There’s a vitality and pathos about this EP even when dealing with awkward subjects. How many artists have written a song about the treatment of the elderly in are homes? Not many spring to mind but David Moyes’ (no football related giggles please) simple vocal over piano arrangement in ‘Drip Feed’ is incredibly powerful. ‘When You Hate Me’ and ‘San Germain is Thick Tonight’ do little to convince me that this release is anything short of an epic tour de force by The Scottish Enlightenment. 8/10



Warpaint – Ashes to Ashes / Sister Crayon – The Bewley Brothers (Manimal)

Details of who Warpaint and Sister Crayon are elude me due to lack of press release and East Coast trains sketchy wi-fi connection. We are told that all profits go to the Warchild Charity (though who actually makes any profit out of releasing singles anymore?). But in choosing to cover Bowie these bands have a) chosen excellent tracks but b) given themselves a stiff task to put their own stamp on them. ‘Ashes to Ashes’ is an insipid failure – don’t mess with genius. Sister Crayon fare slightly better, giving their own tripped out vibe to the classic but still leaving you craving Bowie’s strung out original. 6/10



Headtapes - Within these Walls (Doga)

No track list to accompany this one so a bit of abstract overall atmosphere description will have to suffice. First thoughts? Very proficient production and song writing very much in the mould of Nine Inch Nails’ ‘The Slip’ – a good start. The originator of this music is the one man studio band Gareth Wright who has chosen to rename himself simply as ‘G’, I guess Garth Wright is not very rock and rol but ‘G’? It’s little pretentious, non?

Back to the music, Gareth (who I will insist on calling him) also demonstrates a knack for using a more croonerish vocal delivery than good old Trent Reznor (or ‘T’) ever delivers and hence the comparisons with a hardcore version of Soft Cell or New Order. But one thing is pretty clear to me here – this is really good stuff – if you can write songs, sing pretty well and produce like a demon you will be heading in the right direction. Headtapes may suffer from not being instantly as recognisable or as cool as some of their electronic contemporaries but musically they are right up there. 8/10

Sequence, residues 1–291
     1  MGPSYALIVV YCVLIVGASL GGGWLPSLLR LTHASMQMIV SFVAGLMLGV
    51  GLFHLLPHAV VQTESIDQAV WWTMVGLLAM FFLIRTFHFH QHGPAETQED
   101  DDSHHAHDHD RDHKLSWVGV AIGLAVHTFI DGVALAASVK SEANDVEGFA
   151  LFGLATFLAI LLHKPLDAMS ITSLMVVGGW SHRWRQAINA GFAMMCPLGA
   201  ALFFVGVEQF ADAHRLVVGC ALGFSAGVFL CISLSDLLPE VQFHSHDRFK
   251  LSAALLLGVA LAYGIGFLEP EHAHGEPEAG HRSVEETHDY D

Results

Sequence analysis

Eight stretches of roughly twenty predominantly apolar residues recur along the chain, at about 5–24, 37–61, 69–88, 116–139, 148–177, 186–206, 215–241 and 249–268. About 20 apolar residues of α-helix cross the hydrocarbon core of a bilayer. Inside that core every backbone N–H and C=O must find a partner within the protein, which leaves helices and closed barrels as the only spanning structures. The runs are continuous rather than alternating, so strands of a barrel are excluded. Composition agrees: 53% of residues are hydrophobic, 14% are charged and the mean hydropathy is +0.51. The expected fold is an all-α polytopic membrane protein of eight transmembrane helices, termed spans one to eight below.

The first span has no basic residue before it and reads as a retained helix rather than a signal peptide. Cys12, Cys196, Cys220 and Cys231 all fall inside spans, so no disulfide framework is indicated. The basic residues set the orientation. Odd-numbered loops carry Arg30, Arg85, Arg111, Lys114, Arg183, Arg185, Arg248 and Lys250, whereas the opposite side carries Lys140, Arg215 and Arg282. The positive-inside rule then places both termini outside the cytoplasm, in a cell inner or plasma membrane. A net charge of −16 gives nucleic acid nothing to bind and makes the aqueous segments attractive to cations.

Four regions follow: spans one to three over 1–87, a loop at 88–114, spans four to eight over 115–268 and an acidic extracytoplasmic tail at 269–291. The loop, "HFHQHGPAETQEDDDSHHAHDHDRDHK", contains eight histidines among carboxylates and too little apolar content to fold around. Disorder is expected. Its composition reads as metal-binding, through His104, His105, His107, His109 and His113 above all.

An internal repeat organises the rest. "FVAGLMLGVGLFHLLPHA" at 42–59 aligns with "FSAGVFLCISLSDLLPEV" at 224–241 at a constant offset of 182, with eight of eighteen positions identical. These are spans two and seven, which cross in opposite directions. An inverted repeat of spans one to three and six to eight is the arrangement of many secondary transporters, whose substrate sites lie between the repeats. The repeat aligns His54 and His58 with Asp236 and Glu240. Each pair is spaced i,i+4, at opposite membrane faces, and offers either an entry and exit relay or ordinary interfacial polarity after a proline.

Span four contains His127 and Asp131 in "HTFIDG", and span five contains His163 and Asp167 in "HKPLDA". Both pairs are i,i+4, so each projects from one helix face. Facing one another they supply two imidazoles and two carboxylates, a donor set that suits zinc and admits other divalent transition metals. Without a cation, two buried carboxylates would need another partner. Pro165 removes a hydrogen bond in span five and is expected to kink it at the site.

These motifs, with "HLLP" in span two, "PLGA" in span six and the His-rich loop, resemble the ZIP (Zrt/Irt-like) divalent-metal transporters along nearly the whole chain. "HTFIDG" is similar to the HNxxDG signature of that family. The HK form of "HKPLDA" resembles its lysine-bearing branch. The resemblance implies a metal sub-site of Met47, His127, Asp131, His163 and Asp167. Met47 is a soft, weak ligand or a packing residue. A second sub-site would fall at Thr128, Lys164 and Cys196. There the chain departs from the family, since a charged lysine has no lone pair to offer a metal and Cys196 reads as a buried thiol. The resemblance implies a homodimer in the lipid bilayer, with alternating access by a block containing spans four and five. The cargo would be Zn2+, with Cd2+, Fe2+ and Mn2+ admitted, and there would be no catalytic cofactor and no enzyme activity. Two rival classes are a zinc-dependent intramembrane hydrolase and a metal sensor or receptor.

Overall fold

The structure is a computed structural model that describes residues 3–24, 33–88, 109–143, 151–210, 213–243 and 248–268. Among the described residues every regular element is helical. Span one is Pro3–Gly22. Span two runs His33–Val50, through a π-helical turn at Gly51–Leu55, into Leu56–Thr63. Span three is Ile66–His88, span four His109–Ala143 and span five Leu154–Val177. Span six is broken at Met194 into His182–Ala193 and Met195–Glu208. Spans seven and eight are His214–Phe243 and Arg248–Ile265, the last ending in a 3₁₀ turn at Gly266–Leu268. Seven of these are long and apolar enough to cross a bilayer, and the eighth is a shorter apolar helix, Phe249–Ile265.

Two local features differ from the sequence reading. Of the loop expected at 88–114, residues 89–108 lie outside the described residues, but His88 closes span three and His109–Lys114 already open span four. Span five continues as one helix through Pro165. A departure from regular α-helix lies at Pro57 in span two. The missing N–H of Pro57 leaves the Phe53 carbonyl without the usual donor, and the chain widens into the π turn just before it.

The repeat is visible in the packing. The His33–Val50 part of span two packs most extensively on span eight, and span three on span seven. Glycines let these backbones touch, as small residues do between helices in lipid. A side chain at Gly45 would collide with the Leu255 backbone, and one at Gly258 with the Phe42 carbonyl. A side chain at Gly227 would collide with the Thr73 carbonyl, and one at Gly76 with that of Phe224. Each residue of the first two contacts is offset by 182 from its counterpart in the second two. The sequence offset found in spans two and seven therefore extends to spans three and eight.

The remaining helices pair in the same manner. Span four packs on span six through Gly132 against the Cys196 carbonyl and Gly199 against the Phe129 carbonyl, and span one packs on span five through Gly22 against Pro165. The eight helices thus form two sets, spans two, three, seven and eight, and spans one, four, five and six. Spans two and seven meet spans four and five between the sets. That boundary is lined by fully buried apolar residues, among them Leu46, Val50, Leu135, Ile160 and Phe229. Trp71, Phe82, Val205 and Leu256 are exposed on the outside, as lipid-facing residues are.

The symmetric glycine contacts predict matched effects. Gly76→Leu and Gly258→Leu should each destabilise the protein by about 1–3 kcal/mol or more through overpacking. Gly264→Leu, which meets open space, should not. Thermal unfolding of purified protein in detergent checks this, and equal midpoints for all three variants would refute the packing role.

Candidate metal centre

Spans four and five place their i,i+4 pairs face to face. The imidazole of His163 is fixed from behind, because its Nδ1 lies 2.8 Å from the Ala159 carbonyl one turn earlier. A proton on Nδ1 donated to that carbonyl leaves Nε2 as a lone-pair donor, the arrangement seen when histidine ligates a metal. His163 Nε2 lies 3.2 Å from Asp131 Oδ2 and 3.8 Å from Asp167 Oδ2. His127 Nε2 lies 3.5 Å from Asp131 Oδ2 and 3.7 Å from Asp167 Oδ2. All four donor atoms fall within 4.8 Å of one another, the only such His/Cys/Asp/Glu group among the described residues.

Diarmaid O Meara – Max 020 (Mastertraxx)

There’s little doubt that Diarmaid O Meara is the best thing to come out of Ireland since Eoin Morgan. If O Meara can switch-hit a 90 mile per hour ball down to square leg thn he would be even better than Eoin Morgan given the fact that he is one of the leading purveyors of techno around at present. But unless Andy Flower throws up an unexpected selection shocker for the Ashes tour party this afternoon and selects O Meara for his cricketing debut then we’ll just have to marvel merely at his musical ability.

Now relocated to European techno capital Berlin, Maxx020 somewhat disappointingly features 3 versions of the ‘Disco Murderer’ track featured on the ‘Structured Noise’ album. Not that it’s bad track – if you haven’t heard it already then you are onto a winner. But for a full EP I’d like to hear more than just two new tracks. They come in the form of ‘November’ – quite a minimal, considered offering and the more tribal ‘The Source’ which verges towards the Jeff Mills levels of intensity and really fizzles an crackles with intent then seemingly disappears for about minute before bursting back into life. This is the good stuff my friends. 8/10